TELEVISED DEBATES

Televised Debates
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TELEVISED DEBATES



Written by Amiera Sawas
23 Friday 23rd April 2010

 

British politicians have decided it’s time to move into that mass communications medium we call the television. Fifty years behind the US's first official televised presidential debate; on Thursday 15th April 2010 our 3 hopefuls took to their podiums in the strangely backwards looking ITV studios to debate home affairs in front of the British public. The Kennedy/Nixon debates played a pivotal role in the 1960 US presidential election. They said if you listened to the radio you thought Nixon won and if you watched it on TV then Kennedy won, owing to his healthier, attractive aesthetic and Nixon’s overactive sweat glands.
 
This highly anticipated move into mass-media has been praised by the Westminster elite as well as national journalists alike. Not to mention the post-debate ‘Cleggmania’, with headlines calling Clegg the winner and drawing comparisons with Obama in his style of engagement.
 
Let’s get real for a moment:  UK voter turnout sits at around 60% (and only 37% of 18-24 year olds). 10.3 million people tuned into the first debate. 18.3 million people tuned in to Susan Boyle’s finale episode on Britain’s got Talent. Seeing a pattern here?
There is wide recognition that something has to be done to engage that 40% of the population who don’t vote. Using television to reach those apathetic groups seemed a great idea. People who would never dream of watching Prime Minister’s Question Time would be able to access and assess their potential PMs. Infact,  the political campaign has seeped into all sorts of new media including Facebook and Twitter; politicians are getting exciting and patting themselves on the back, but are you excited? I’m not.
 
What went wrong?
 
 
The first debate consisted of three very sterile performances; the second wasn’t much better. Three similarly dressed, similar looking, white middle class men on three podiums, blurted out their PR controlled, rehearsed catchphrases. Oh, and don’t forget the body language training (Smile at the camera Gordon!). Despite being live, these ‘debates’ could not have been more controlled and more phoney. It became clear in the second debate that the leaders even had to rely on their notes to produce any signs of wit!  This is the last thing apathetic populations want to see and for many, just makes them want to switch-off.
 
Trust and the reputation of politicians lies at the forefront of everyone’s minds. For many of us, we need a leader that we can believe in. Barak Obama’s ability to grab the trust of millions of disenchanted voters was the key to his success. Obama used new media and he used it well. Of course he had PR consultants, of course he considered carefully everything he said, but what he said felt passionate and it felt real. Clegg, Cameron and Brown come across as polished Ken dolls (Okay, perhaps not Gordon), lacking the passion and charisma to inspire.
 
The small circle of Westminster and the national press have obsessed about the social media ‘debate about the debate’. Amazement at the average rate of 21 tweets per second during the first debate has spurred them to comment on a radical change in British politics. Sorry to be a wet blanket, but a large proportion of those using Twitter at the time were political party members! John Prescott, Iain Dale and Eric Pickles can tweet as much as they want, but I’d be surprised if any non-partisan 18-24 year olds give a shit, or even know who they are, to be frank. In an attempt to grab hold of the social media compass, politicians have thrown themselves in headfirst, without really thinking about how they should use it. It seems to be just another platform to spout out their views in endlessly boring fashions.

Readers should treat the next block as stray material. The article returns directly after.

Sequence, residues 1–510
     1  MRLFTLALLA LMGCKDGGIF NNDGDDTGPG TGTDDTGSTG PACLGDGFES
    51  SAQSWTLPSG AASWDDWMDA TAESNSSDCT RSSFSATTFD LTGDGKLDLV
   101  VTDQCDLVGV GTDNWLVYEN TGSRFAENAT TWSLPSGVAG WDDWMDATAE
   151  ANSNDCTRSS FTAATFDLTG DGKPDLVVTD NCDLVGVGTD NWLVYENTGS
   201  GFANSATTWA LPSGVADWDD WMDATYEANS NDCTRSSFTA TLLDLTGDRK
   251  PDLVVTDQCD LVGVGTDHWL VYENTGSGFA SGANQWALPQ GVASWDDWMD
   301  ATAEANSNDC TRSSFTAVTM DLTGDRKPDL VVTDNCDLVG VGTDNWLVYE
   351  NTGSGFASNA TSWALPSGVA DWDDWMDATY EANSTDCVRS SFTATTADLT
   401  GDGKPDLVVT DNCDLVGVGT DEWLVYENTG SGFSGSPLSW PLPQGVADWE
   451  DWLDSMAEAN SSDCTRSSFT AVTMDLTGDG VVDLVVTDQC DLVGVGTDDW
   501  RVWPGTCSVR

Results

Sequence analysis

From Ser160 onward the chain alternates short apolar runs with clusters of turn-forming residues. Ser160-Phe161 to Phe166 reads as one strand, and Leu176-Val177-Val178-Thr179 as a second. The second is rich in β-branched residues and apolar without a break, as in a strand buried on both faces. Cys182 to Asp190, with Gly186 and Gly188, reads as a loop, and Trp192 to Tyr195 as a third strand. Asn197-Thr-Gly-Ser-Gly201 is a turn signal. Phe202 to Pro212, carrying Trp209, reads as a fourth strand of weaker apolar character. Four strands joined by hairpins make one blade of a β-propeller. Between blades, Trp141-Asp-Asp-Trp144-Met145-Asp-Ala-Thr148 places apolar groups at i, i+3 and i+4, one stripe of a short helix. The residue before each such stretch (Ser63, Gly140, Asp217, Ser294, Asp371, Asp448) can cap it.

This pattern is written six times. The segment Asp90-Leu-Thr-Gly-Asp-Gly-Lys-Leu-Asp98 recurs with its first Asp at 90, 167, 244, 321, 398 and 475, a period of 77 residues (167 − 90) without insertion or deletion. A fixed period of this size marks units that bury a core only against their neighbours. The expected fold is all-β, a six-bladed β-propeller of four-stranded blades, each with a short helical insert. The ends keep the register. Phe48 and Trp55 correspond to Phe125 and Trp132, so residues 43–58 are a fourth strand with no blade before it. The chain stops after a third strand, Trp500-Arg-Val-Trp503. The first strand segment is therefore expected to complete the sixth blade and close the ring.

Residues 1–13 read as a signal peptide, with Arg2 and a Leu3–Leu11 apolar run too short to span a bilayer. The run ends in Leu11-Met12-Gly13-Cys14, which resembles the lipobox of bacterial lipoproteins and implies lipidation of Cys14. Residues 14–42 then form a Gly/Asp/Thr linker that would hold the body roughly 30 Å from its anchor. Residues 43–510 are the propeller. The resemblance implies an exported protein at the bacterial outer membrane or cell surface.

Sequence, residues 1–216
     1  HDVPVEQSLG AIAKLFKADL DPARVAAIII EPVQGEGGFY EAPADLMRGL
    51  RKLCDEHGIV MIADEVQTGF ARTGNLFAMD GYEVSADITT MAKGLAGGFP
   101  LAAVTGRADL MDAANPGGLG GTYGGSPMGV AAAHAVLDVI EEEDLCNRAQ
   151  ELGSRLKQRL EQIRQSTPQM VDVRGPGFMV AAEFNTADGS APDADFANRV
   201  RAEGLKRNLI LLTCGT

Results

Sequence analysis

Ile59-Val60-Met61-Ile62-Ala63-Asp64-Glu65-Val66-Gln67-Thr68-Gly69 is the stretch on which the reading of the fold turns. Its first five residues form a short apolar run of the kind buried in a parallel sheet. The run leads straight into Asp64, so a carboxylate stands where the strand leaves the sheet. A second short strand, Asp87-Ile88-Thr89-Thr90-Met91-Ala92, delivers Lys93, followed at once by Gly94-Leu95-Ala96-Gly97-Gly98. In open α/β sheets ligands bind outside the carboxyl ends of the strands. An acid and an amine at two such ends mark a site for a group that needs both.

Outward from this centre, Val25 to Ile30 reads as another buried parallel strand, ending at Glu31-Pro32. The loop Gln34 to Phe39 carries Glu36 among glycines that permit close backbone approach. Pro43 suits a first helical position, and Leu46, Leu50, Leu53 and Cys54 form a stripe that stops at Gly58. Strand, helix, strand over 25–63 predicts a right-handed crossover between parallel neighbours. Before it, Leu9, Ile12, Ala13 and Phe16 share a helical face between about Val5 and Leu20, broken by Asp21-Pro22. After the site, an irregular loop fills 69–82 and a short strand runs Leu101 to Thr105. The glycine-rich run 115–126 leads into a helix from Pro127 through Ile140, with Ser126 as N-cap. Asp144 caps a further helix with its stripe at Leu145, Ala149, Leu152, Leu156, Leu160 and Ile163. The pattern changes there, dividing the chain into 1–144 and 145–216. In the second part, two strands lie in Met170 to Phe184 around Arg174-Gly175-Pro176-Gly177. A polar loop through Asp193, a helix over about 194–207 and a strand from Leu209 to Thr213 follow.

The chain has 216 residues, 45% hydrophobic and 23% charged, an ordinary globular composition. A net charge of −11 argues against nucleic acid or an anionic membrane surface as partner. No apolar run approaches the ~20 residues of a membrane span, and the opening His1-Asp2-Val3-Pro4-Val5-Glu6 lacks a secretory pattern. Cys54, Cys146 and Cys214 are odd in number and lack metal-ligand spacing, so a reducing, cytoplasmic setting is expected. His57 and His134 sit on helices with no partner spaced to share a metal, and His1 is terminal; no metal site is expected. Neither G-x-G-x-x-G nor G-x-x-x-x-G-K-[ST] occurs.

What could they do better?
 
It’s a broken record but UK politicians should take a page out of Obama’s book. He used a plethora of online communities to interact with and understand the apathetic generation. He gained 5 million supporters through social networks. In over 15 online communities, he and his core team engaged regularly with voters. He asked questions as well as providing answers. He managed to inspire voters to drive a grassroots movement, leading to 120,000 offline events organised by students, young people, minority groups as well as your standard middle class voters. His ability to engage through new media was the crux of his winning campaign.
I doubt we’re going to see Dave, Nick and Gordon get real and inspire in this way. We can only hope that they start to use the new media more to pay attention to the disengaged voice in the UK, rather than attempting to use it for spin. What’s more scary is that there are probably more young Britons who know who Sarah Palin is and what she is about. Yikes!
 
There are two leaders debates left; tune in and let us know what you think!
 
1. Third debate – economic affairs. Date: 29 April 2010; 20:30. Channel: BBC One, BBC HD, BBC News Channel
 
2. Fourth debate – financial debate “Ask the Chancellors” with Alaistair Darling, George Osbourne and Vince Cable. Date: 29 March 2010; 20:00. Channel: Channel 4
 
For more information about the leaders debates and the general election, please go to http://news.bbc.co.uk/1/hi/uk_politics/election_2010/default.stm

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